Paul Gillis
Paul Gillis

Getting listed is notorious difficult for Chinese companies, because getting permissions in mainland China is tough. But there is hope, writes professor Paul Gillis in the Wall Street Journal, as regulators in China and Singapore recently signed an agreement to let private companies list directly. Now such an agreement is needed between China and the US.

Paul Gillis:

The problem is that so many Chinese companies are forced to list overseas because it is still so difficult to win permission to issue shares on the mainland. That makes the deals a lose-lose for investors everywhere. Chinese citizens can’t buy offshore shares be- cause of the mainland’s capital controls. Meanwhile,foreign investors technically don’t buy the company, either.To circumvent foreign-ownership restrictions, Chinese firms use the so-called variable-interest entity (VIE) structure. With the VIE structure, offshore shell companies have contractual claims to the revenues from, but no actual ownership of, the Chinese firms.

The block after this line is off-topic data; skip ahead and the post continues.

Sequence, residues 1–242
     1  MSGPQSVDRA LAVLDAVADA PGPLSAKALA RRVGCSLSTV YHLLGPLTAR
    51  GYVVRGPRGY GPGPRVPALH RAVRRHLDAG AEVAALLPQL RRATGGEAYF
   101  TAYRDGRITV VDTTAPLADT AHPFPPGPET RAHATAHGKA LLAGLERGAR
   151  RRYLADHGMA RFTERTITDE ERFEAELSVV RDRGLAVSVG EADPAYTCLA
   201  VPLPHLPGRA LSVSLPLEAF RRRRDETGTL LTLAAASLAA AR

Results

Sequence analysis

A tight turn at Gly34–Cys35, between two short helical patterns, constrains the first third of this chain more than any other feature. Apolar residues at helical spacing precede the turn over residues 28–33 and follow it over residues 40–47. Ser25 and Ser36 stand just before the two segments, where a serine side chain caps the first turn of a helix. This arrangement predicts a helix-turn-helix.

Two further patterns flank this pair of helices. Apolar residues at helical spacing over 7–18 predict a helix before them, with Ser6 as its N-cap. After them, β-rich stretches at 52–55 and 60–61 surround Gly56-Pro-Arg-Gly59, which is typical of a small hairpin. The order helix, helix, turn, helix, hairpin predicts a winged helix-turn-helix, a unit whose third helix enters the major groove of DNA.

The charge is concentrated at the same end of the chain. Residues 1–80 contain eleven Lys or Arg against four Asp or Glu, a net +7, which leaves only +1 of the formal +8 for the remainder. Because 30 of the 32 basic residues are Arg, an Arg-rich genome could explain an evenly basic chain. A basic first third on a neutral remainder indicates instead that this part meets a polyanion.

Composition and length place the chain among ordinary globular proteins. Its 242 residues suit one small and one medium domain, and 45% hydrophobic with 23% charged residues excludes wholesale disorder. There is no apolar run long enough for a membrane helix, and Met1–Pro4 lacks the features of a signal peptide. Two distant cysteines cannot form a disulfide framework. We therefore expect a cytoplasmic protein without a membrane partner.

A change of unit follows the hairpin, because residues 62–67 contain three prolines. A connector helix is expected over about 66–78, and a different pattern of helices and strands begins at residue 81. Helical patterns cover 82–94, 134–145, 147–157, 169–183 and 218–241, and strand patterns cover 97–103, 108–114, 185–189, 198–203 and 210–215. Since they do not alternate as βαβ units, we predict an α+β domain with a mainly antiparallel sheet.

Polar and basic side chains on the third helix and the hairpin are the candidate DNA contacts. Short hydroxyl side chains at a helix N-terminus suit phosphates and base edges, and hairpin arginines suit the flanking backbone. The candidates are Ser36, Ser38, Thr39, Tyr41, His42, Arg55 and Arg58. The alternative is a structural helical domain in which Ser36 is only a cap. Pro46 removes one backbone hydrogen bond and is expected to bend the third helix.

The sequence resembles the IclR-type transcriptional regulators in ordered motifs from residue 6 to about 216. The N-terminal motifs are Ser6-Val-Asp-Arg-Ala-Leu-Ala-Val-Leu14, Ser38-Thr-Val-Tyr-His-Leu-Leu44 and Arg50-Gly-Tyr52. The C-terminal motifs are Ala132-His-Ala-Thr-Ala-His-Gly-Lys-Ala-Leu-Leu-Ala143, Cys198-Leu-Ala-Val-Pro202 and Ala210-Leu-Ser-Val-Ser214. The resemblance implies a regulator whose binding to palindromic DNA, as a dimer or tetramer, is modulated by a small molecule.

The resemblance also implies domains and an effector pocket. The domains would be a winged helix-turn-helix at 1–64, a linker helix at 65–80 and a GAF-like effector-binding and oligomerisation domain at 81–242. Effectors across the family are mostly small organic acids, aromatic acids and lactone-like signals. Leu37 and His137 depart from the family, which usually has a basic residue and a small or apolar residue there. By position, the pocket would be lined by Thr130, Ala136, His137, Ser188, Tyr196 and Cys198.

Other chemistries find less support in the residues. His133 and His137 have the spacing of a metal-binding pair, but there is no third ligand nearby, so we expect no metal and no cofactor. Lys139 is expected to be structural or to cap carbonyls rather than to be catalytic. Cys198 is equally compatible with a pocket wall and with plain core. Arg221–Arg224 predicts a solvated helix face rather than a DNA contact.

Fortunately,a solution is finally coming into sight, from an unexpected quarter: Singapore. The China Securities Regulatory Commission (CSRC) in November reached an agreement with Singaporean authorities to allow Chinese companies to list directly in the Lion City without first setting up an offshore holding company. If this becomes atemplatefor other jurisdictions—and aseed of further reforms in China—investors everywherestand to benefit.

More in the Wall Street Journal

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